When you rent a property, you’re effectively living under someone else’s roof (albeit they’re not living there at the time).
This may feel precarious, but it doesn’t mean you can be thrown out on a whim.
Due to recent rules and regulations that landlords and letting agents must abide by – tenants’ rights are strictly upheld.
The new legislation makes it more difficult for landlords to evict a tenant and gives long-term tenants more rights.
But, many people are still unsure about what their rights are. We help answer the question ‘what are my rights as a tenant?’
All landlords are required to uphold tenants’ rights. However, there are some landlords who will violate these!
To ensure your landlord is ‘legit’, you can start by checking their accreditation. Belonging to a relevant industry body means they’re obliged to adhere to a code of practice which outlines standards of behaviour.
Such schemes also usually offer an independent arbitration should something go wrong.
Although there’s no compulsory registration scheme for landlords, the vast majority of private landlords have to be registered with their local authority. There are also voluntary membership schemes like the National Landlords Association.
Letting agent accreditation
Again, for letting agents, there’s no compulsory registration stipulations. But, professional letting agents should all be registered with either the Association of Residential Letting Agents (ARLA) or the National Approved Lettings Scheme (NALS), as well as the Property Ombudsman Scheme (TPOS) or Property Redress Scheme (PRS).
All of the schemes are self-regulating but do provide an independent means of redress for disputes between tenants and letting agents.
There may also be local accreditation schemes specific to the area in which you plan to rent and a list of these can be obtained from the relevant local authority.
What rights do tenants have?
While you have many responsibilities you also have certain rights as a tenant.
You can expect your landlord or letting agent to act in a professional and timely manner in regards returning your calls/emails, particularly if they concern repairs.
One of your basic rights as a tenant also includes feeling safe in your rented property.
Your landlord or letting agent’s responsibilities include:
- attending to any repairs in the property within a timely manner of your report
- dealing with emergency repairs as soon as possible
- acting as a buffer between yourself and the landlord in the event of a dispute concerning the property, ie the landlord is taking too long to give the go-ahead for a particular repair, etc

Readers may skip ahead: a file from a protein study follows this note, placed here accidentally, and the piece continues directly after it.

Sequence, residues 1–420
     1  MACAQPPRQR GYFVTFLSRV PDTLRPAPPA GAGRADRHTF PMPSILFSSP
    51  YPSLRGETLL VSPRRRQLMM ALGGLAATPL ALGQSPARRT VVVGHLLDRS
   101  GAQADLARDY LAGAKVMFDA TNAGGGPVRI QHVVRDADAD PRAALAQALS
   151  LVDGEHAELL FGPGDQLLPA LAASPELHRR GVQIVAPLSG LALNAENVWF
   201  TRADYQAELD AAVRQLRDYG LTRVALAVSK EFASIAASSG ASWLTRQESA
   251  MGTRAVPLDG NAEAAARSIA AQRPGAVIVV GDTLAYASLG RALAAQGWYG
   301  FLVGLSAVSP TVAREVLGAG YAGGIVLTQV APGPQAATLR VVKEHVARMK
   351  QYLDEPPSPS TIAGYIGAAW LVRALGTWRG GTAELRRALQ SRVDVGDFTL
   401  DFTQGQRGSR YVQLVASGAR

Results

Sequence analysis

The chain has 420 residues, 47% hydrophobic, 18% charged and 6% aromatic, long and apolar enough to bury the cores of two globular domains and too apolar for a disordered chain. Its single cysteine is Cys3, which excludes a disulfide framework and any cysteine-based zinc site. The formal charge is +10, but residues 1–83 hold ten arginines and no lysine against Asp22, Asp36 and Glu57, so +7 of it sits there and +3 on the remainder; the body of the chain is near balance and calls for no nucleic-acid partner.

- issuing a receipt or invoice for every payment received (for rent, a deposit, refund etc). Your deposit should also be lodged with one of the tenancy deposit schemes. You should be given proof of this within 30 days of (failure to do so could result in the letting agent or landlord being taken to court)
- issuing you with a signed tenancy agreement
- going through the inventory with you
- providing a copy of the Energy Performance Certificate for you to view, as well as certificates showing recently completed gas and electric safety checks
What if the landlord or letting agent is failing to act in my interests?
In the event your landlord or letting agent are:
- not responding to your requests for repairs
- entering the property for inspections without informing you
- repeatedly increasing the rent,
there are organisations you can turn to. Landlords and letting agencies cannot ignore tenants’ legal rights!
This includes some of the accreditation bodies we previously mentioned, but there are others.
If you feel the property is unsafe or uninhabitable, you can speak to the local council’s environmental health officers.
In the event you believe the rent has been increased unfairly then you can ask the Valuation Office Agency (VOA) to review it.
If there’s vandalism or unreasonable noise in your block of flats/neighbourhood, you can ask the council’s anti-social behaviour team to investigate.
Helpful guidelines for tenants
You’ll find the legal obligations of landlords and letting agencies on the UK government’s website under Private Renting. Here you’ll find out what you can expect as a tenant, what responsibilities your landlord has and who to appeal to if you believe your rent has been increased too much.
Your landlord should present you with one of these at the start of your tenancy. This will show they’re aware of the current government legislation regarding renting and inform you of the law around short-assured tenancies, deposit schemes and giving notice in the event you want to move out prior to the tenancy ending.
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